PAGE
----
Sunday, 27 November 2016


The paper review on this morning's The Andrew Marr Show was fun to watch. There was plenty of good-natured disagreement. 

The reviewers ran from the centre-right (Fraser Nelson) through the centre-left (Miranda Green) to the far-left (Paul Mason) - or, as they say in certain of the louder parts of Twitter, from the far-right through the right to the left. 

Such labelling can, of course, be more revealing of where the labeller is coming from, regardless of whether the labeller is actually aware of that or not.

(My labels, however, are neutral and impartial ones and, thus, wholly trustworthy. Naturally). 

Andrew Marr himself stuck a particularly striking label on Norbert Hofer, the Austrian Freedom Party candidate in the Austrian presidential election re-run, this morning:
We've, of course, got Austria, with Norbert Hofer, the neo-Nazi, possibly going to be elected as president.
That drew the following Twitter reaction from economist Andrew Lilico:


  1. Paul Mason is a well known member of the far idiocy. Why is he paid so much by the BBC to give idiotic views on television? What is his qualification ?

    1. Sentence two likely answers sentence one. And three.

  2. I agree with Ozfan and his enquiry. However, in my semi-conscious state this morning I was sure I heard PM stay something to the effect that Castro was initially a National Socialist who morphed into a Communist. Has anybody got a transcript?

  3. Marr seemed a bit angry in his intro this morning, didn't he? They must have gotten some unnerving complaints about last week's poor performance.

    Marr's introductions to his sofa panel were prima facie evidence of the BBC's labeling bias. Rule #1 in effect.
    Paul Mason is introduced as a "broadcaster and Guardian journalist", Miranda Green is introduced as being from the FT, and Fraser Nelson is introduces as being "from the Right, the Spectator editor".

    We were told many times by Beeboids and other journalists that the BBC didn't have to label somebody from the Guardian as being from the Left, as it would be obvious to anyone just by saying they're from the Guardian. So it's blatant health warning bias for Marr to label Nelson as being from the Right, as anyone watching Marr's show (this isn't aimed at The One Show or Strictly audience) knows full well what the Spectator is.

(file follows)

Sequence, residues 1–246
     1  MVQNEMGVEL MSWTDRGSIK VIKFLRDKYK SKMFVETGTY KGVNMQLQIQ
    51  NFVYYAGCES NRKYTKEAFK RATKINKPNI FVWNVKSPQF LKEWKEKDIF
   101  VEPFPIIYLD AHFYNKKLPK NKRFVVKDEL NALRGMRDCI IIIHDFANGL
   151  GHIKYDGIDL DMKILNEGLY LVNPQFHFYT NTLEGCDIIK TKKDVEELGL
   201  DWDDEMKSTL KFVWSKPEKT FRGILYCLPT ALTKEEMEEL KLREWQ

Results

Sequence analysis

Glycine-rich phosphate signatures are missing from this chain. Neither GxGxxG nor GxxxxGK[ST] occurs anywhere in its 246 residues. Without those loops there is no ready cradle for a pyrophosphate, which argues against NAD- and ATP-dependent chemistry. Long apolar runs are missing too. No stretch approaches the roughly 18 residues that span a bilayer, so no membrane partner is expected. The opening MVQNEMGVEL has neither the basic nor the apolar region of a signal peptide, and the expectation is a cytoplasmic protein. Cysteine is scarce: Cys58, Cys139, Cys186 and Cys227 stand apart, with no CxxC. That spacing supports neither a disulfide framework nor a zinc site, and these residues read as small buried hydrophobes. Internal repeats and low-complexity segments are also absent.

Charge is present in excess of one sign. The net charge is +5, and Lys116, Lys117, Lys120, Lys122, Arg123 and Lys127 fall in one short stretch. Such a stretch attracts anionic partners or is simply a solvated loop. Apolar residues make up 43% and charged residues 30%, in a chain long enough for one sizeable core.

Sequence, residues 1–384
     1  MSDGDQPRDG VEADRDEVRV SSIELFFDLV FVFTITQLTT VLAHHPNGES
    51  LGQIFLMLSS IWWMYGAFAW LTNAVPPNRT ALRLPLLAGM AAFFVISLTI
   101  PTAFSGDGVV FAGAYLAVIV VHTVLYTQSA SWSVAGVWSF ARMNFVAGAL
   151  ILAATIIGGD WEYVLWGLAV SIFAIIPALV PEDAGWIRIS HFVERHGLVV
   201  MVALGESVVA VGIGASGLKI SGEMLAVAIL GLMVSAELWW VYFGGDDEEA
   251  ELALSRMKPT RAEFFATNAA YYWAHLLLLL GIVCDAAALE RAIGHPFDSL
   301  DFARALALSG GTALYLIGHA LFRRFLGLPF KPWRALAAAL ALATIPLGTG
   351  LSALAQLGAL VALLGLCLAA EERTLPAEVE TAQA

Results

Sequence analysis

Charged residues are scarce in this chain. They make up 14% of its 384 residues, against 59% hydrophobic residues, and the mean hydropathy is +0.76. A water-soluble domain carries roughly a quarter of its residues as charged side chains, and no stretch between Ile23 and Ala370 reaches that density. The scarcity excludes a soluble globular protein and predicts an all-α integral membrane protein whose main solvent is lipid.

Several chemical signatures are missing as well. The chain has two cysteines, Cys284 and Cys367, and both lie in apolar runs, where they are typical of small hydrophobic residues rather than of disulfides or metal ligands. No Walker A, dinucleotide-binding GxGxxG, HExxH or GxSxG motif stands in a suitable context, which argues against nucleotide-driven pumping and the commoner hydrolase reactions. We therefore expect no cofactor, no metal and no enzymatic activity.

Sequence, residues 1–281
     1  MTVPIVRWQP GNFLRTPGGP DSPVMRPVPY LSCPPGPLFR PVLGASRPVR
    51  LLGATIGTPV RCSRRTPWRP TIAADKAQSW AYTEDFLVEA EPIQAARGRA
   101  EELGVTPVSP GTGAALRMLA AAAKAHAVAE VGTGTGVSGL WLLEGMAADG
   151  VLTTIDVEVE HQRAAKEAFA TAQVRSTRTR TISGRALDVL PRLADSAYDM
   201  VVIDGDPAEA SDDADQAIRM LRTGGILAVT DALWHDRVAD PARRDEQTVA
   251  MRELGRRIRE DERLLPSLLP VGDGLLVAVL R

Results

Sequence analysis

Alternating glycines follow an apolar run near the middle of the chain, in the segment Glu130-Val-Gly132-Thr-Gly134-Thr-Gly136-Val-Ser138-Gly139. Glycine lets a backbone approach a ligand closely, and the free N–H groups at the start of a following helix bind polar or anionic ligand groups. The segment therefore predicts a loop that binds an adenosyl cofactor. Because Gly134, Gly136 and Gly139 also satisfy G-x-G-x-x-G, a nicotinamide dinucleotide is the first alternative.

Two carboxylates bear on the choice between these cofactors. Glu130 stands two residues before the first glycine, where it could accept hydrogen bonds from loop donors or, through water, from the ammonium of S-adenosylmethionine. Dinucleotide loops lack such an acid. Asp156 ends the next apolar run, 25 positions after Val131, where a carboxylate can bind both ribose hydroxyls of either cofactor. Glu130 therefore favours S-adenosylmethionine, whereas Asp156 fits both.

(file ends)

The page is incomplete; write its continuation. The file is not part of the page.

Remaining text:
Mason's main defense of Castro is that he ended Apartheid in South Africa. "The Cuban people were able to achieve so much economically..." Amazing. He later seemed to suggest that Castro's brutality to suppress his people (while raising them up, apparently) was understandable because otherwise the US would slaughter the Cuban people like they did to the Vietnamese. Which is along the lines of Livingstone's defense of Castro.

    The interview with the former Tory Health Secretary was interesting. Marr was clearly out of his depth, just able to follow the "spending more money efficiently and wisely" line of thinking. Equally obvious was that the whole point of this segment wasn't about discussing that community and home social care is a big part of the future of health care so much as it was about getting a dig at the Tory Government for not offering to spend more money smartly and wisely on the NHS. "Don't you think you're being disloyal by attacking (Hammond) publicly?"

    A waste of a good topic.

    Emily Thornberry is, of course, an idiot. She was prepped for this, had the prepared answers to what she was told Marr would ask, and still blew it in favor of just attacking Boris Johnson and David Cameron.

    Then followed the trying to have it both ways while providing full deniability. Marr knew it was a lost cause fairly quickly. He was hoping to get her to say that freedom of movement was inevitable if Britain didn't want to be shut out of Europe entirely, but she had nothing beyond the boilerplate and waffled when she wasn't just whining about the Tories.

    I guess it gave the appearance of a "challenging" interview. It was challenging for Marr trying to make Thornberry look like she had anything of substance to say. So he moved on to firmer ground and got her to do the standard Leftie thing and have it both ways with Castro and Cuba. Standing up against the evil US, and then she stole some of Mason's lines. OMG these people have no moral compass. To close the interview, he gave Thorberry an opportunity to bash the Tories on health care.

    1. Thanks for reminding me about the labelling in Andrew Marr's introduction:

      "Reviewing the morning's news - including reaction to the death of Fidel Castro: the broadcaster and Guardian columnist Paul Mason, the Financial Times's Miranda Green and, from the Right, the Spectator editor Fraser Nelson."

    2. That said, maybe AM stating that Fraser Nelson is "from the Right" - inadvertently? - drew attention to the fact that the other two chosen guests were from the Left.

    3. It certainly highlighted the fact that Marr didn't give health warnings for them at all.

      After the above unpleasantness, I did enjoy Michael Gove effortlessly swatting away everything Marr threw at him. A quality performance: humble, informed, agile, on point, leaving Marr grasping at straws.

    4. 'Inadvertently' as in, after a long day at the office, rather than retire early to the warm bosom of the family home, one finds oneself outside a club warming the chilly tush of a subordinate?